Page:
Tea blogger, professional cleaner of toilets, amateur people watcher.

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14 Comments

  1. I love them. I think there are other issues at play that result in less response/

  2. Other issues at play @thedevotea? Which ones? I guess in your case although you like reading this, you are traveling. In my experience summer is always slower blog season, with people somehow preferring to soak up the sun than reading and writing posts. Silly of course. Bring on fall and winter.
    That aside, yep drove me nuts your post disappeared. Much enjoyed this one , but me personally I particularly like the “about me” kind of stories. Not about me, about you. You’re a personality many of us love reading about.

    • Thanks. Yeah, I think I might stick to that approach…or no approach at all. The old (new?) format was just too much work with very little payoff. I do agree that there is less big frequency in the summer. I, too, am guilty of that.

  3. Did you consider mixing Magic and tea? 😉

    I like what you write, it changes from the usual stuff and brings a different point of view, a litterature point of view.
    But I can understand some people might have trouble reading all of it (I know I should have been a diplomat, I always manage to understand both sides).

  4. You have an audience. And about the part of the audience that stays away: .

    But more seriously: in hindsight it was to be expected that you would lose some of the audience, but you will gain a new one while your writing develops. And perhaps the part that left comes back ones their eyes are more open. It is too good not to.

    For now the snake that shed its skin and is in its growing phase is vulnerable and weak. All will be well again when you have grown your new skin.

    But beware, now you are an easy prey for Guan Yin.

    But more constructive: the latest one about the birds felt a bit forced and too short. Maybe you should allow yourself to split the story up and make it longer in total.

    • That is always true when you make such a swift change in direction – especially with writing. I was probably taking this a bit more seriously than I should’ve, and expecting more of it than is needed. It is just blogging after all.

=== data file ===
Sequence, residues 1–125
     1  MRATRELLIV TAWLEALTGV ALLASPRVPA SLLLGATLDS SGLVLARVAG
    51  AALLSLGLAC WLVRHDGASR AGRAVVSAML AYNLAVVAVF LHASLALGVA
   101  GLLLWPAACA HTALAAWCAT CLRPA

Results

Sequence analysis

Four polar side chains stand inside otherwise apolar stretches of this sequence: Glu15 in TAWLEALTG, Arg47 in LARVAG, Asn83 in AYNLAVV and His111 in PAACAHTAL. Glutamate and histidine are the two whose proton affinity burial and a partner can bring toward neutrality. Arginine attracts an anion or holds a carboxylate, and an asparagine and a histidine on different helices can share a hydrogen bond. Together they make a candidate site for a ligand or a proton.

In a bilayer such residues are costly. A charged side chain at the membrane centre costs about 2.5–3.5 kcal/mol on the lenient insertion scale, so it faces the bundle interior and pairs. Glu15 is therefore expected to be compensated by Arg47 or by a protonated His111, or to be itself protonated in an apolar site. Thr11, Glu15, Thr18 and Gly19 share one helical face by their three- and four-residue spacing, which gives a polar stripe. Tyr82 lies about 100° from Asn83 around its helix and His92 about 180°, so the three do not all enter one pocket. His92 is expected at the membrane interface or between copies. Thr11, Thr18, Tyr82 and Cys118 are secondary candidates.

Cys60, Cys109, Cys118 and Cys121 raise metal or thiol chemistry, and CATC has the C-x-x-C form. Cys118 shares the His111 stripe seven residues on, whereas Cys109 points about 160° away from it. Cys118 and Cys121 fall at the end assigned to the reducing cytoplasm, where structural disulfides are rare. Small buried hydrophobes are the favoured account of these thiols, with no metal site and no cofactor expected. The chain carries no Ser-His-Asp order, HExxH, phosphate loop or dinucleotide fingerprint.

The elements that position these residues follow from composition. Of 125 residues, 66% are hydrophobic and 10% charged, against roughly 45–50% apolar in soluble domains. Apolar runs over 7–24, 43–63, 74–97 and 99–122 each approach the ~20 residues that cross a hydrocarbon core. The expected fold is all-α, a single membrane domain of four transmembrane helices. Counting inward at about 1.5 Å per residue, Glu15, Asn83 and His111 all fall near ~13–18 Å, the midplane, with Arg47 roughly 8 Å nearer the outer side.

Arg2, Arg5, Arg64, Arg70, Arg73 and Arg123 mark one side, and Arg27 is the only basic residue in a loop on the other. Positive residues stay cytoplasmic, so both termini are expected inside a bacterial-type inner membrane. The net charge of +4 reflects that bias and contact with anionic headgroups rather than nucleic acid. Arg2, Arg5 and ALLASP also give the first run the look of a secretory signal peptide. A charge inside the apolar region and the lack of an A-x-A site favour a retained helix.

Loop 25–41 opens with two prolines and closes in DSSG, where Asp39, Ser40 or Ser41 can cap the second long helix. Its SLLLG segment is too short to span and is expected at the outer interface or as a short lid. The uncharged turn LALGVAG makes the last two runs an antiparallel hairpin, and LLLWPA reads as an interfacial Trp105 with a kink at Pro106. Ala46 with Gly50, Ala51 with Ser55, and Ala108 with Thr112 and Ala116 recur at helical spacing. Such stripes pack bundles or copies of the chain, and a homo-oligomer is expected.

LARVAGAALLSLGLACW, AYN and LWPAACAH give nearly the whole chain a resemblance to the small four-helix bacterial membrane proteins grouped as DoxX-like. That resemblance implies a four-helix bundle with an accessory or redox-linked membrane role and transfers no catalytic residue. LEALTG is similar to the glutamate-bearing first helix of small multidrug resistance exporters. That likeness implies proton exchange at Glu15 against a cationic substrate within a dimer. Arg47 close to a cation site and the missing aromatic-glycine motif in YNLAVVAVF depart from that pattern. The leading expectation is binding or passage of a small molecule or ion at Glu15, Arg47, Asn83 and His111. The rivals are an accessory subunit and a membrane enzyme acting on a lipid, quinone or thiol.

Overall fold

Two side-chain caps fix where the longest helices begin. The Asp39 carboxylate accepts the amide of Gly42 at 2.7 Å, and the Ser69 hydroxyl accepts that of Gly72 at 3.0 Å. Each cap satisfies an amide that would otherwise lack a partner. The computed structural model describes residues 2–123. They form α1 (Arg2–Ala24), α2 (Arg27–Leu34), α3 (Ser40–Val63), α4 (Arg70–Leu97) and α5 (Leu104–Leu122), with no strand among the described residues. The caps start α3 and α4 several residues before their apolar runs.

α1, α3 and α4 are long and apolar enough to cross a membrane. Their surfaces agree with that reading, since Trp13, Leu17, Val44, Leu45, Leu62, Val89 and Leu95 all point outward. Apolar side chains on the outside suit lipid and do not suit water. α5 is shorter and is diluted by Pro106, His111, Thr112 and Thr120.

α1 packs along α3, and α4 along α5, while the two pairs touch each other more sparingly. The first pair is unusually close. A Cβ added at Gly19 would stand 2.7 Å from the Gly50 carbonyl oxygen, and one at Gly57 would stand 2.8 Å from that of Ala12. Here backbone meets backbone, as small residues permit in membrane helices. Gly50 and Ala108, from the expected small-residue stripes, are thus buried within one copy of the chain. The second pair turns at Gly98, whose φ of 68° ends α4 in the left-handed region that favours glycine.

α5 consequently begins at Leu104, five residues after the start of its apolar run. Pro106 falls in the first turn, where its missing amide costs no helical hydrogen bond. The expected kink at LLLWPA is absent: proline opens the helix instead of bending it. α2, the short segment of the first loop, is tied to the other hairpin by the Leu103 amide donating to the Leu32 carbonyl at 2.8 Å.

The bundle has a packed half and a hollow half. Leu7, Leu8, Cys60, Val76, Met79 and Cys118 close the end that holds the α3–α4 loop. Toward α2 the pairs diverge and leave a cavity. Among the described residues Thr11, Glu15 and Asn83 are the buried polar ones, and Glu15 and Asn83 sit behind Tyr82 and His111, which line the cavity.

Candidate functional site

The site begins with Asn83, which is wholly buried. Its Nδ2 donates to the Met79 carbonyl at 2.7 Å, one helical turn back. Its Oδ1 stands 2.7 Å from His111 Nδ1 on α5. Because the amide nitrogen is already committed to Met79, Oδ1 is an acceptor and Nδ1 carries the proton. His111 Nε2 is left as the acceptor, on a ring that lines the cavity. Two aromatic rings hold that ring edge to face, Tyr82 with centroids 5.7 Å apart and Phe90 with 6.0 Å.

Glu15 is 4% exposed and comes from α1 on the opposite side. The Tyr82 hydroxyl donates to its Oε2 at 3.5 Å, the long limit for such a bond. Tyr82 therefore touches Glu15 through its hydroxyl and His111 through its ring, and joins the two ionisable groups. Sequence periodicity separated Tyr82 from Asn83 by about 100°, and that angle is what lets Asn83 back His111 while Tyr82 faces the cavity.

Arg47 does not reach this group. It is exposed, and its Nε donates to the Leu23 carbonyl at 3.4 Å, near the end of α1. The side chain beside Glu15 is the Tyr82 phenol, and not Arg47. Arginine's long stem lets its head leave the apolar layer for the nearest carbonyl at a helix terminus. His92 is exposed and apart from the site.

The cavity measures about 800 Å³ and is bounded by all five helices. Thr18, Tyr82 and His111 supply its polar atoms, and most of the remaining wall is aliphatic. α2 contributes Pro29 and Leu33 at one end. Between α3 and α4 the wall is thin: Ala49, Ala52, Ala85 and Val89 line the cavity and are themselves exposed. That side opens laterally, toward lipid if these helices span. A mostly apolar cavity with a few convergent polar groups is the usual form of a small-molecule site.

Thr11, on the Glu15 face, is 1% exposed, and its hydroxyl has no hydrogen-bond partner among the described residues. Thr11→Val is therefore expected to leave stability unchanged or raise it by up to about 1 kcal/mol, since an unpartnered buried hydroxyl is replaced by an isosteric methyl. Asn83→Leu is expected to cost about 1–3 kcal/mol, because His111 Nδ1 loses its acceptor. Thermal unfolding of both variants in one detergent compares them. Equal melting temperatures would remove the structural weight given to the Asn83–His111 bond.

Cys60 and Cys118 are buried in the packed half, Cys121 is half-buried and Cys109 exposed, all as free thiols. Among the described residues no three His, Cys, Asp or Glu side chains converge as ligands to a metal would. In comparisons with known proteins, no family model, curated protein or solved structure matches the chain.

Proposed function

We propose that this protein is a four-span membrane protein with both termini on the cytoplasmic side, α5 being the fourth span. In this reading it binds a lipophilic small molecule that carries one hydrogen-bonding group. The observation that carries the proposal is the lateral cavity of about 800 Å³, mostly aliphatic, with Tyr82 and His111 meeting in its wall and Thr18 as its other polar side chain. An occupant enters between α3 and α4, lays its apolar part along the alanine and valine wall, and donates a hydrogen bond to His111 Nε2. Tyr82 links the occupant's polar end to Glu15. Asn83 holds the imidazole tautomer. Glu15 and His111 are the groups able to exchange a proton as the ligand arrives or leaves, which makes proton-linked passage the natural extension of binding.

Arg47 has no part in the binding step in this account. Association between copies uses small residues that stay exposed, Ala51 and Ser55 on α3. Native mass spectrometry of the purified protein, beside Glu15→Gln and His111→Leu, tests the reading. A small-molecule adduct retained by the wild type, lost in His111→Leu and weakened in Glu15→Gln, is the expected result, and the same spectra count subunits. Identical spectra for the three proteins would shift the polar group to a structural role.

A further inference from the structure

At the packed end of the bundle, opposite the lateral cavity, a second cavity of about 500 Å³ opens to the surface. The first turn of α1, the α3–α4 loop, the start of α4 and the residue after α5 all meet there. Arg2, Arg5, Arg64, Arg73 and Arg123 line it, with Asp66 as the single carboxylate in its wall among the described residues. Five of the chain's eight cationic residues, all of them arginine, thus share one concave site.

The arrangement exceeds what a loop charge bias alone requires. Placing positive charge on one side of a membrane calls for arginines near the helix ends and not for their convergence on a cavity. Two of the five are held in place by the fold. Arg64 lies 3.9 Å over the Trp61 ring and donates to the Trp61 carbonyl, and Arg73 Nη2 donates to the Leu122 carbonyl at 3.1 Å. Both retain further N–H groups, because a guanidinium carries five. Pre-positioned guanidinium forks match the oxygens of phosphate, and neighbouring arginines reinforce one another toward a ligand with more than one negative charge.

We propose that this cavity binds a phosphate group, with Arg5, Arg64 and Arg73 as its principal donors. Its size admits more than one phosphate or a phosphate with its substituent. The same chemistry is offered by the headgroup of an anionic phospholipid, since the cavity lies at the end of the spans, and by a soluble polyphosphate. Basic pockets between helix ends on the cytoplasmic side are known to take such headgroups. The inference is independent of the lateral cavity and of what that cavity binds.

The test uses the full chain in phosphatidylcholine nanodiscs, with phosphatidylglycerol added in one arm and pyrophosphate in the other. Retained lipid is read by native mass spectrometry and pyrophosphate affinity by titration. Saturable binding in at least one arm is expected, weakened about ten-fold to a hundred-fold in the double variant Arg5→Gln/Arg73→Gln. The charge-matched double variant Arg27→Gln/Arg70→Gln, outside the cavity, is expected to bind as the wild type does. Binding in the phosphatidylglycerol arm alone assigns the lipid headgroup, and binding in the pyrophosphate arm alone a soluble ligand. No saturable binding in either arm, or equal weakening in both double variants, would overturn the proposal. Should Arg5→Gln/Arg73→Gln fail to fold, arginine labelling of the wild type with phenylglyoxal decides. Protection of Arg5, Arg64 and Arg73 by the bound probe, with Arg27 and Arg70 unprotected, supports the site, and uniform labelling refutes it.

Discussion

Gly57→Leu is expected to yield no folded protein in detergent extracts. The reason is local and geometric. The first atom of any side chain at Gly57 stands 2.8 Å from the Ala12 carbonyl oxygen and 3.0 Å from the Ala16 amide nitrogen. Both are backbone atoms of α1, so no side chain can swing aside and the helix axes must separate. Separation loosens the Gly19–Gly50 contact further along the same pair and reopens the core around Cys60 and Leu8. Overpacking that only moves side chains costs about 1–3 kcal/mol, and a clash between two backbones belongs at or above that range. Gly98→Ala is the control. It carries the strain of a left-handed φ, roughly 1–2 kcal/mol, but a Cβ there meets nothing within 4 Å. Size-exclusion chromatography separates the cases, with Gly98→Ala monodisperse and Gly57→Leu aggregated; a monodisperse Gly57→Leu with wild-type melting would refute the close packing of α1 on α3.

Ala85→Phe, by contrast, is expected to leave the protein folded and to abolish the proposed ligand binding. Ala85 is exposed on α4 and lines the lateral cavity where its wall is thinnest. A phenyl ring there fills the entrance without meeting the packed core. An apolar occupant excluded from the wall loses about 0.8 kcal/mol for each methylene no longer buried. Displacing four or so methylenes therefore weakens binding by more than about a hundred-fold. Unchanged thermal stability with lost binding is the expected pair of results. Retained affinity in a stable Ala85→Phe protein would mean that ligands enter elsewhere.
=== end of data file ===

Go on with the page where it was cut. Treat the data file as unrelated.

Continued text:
I haven’t completely admitted defeat of the “Steep Stories” model, but I have as far as its blogging future is concerned. I saw a recent update by Michael J. Coffey about a fantasy author that posts writings in Google Docs. That may be how I do Steep Stories from now on…and – thusly – post a link to it in addition to a regular blog anecdote. I dunno, though.

      And, yes, I will admit the bird one did come across as rushed. Even after scaling back the content of it, the piece was still 2,300 words long. And that was after scaling it back considerably. The stories may need more room to breathe and develop into a narrative in a different medium is all. I dunno, it’s up in the air.

  5. Well, I’m happy to see this blog post is buzzing with activity…

  6. For what it’s worth, I’m one of those who flitter back and forth in what I read online as seasons change as @jackie mentioned, but I enjoy reading narratives moreso than short technical pieces, and you’ve had some great posts. There are so many out there who blog out of rote obligation rather than creativity – we need more sleep stories! Don’t let the “save” fiasco make you re-think your approach.

    • Well, like I said, I’m superstitious. *heh*

      It’s only made me rethink my blog approach. Those were becoming too long and complicated for a blog. I might have to real-time novel ’em or something.